When I was finished, I'd crumble up the foil and toss it in the alley between the garage and the house. Hiding the evidence from any who would look for it.  I'd go back in the house, lock the back door, put the carton of milk back in the heater room fridge, and then go to the downstairs bathroom where I'd wash my face and hands and rinse out my mouth with Listerine. I'd tiptoe up the steps, avoiding that creaky 5th step and jump back into bed.

The next morning when I tested my urine (back in the diabetes dark ages we didn't test our blood, we tested urine) was almost always 3% or more, and getting up for school was difficult.  Soon enough, my mom would discover the fact that cookies were missing. You see it wasn't just me that was pilfering the Christmas Cookie Stash, my sister and dad (both type 1's) were doing the exact same thing I was.

My mom started sending out the cookies to my brother on a weekly basis instead of sending one big batch.

Am I proud of my "Holiday Fail" as a child? No, I'm not. But, I absolutely understand it.  Back then there was no such thing as carb counting or bolusing for extra food.  The Diabetes diet was strict and didn't allow for any holiday treats.

I've come along way since then, and I'm proud of the fact that I test my blood sugar between 10 and 15 times a day, and have figured out how to reach "Blood Sugar Nirvana" for most of my favorite bolus worthy foods.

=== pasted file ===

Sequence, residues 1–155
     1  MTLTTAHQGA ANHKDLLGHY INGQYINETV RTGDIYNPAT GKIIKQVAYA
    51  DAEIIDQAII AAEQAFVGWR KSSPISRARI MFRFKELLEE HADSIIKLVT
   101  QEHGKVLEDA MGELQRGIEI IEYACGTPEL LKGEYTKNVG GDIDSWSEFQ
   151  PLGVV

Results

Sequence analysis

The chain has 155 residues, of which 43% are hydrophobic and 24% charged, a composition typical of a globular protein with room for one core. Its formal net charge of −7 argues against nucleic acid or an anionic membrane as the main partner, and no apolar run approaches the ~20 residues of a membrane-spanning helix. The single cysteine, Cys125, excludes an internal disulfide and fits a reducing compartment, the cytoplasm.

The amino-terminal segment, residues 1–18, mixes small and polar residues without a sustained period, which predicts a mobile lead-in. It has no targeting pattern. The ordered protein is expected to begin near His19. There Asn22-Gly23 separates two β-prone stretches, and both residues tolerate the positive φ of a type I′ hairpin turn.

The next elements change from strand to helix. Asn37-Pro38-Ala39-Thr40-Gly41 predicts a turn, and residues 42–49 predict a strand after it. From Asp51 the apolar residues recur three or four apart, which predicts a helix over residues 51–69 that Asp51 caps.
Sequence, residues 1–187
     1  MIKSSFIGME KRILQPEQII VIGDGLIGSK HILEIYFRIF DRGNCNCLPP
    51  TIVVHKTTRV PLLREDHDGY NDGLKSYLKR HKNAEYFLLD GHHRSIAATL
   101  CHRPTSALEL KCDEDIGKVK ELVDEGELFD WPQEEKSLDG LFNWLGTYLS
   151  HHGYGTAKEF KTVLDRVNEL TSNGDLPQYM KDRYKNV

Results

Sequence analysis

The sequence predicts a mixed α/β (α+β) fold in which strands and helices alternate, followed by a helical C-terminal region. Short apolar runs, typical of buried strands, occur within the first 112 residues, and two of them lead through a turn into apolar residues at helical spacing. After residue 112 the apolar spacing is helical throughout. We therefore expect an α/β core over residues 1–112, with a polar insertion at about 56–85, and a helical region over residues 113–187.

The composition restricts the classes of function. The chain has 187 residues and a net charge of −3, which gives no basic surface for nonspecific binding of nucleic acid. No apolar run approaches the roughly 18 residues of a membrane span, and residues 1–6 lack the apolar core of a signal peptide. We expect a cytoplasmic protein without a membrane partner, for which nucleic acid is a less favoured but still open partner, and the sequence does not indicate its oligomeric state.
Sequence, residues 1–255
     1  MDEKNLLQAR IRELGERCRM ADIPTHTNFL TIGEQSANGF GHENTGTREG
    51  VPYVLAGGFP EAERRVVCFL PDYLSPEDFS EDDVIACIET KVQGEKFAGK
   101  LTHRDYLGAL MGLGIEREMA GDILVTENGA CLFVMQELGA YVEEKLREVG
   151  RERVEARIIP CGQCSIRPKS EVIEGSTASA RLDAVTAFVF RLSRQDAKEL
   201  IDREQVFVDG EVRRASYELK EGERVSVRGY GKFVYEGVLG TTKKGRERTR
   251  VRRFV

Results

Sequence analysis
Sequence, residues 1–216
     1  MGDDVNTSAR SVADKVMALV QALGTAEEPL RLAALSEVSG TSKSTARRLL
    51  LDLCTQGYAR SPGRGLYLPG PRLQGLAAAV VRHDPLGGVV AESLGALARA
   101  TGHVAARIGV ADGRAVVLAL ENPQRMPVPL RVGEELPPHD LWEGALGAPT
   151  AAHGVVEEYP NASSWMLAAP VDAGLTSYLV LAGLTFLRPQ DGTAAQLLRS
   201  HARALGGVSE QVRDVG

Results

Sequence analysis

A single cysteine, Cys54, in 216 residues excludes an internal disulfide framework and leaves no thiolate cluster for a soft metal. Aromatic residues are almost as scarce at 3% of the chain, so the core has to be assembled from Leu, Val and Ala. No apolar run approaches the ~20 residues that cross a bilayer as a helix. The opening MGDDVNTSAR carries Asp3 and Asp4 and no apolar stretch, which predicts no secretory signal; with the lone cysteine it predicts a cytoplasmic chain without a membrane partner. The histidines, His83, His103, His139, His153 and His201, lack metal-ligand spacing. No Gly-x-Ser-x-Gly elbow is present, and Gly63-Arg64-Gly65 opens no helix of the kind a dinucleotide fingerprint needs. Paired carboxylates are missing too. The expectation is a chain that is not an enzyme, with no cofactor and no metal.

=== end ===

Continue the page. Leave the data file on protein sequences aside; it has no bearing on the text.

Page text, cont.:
Today, whenever this woman eats a Christmas Cookie, I think of that little girl and enjoy my cookie extra special in her memory.

— Kelly Kunik

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holiday-lights

Hmmmm, I've got a Worst that was also a Best...

A few years ago when I was still working, the Account Executives would always give us (the support staff) little Christmas gifts. Val's "presentation" of my gift is a WORST. She came to my desk and said "I feel really bad giving you this for Christmas because I know you can't eat it and I'm so sorry, but here." And she handed me a small bag of Lindt chocolates. I couldn't believe someone would actually feel like that about a gift and still give it!!! In fact, at that time, Lindt used to sell low-sugar chocolate bars that were delicious, so I couldn't understand why she didn't just pick up one of those. This story is also a Worst because I didn't explain to her about counting the carbs and bolusing for chocolate. But it's also a Best because

I didn't fly off the handle and give her a piece of my mind!! I was gracious and thanked her and told her I'd share them with my husband. That was the Spirit of the Season at it's Best!!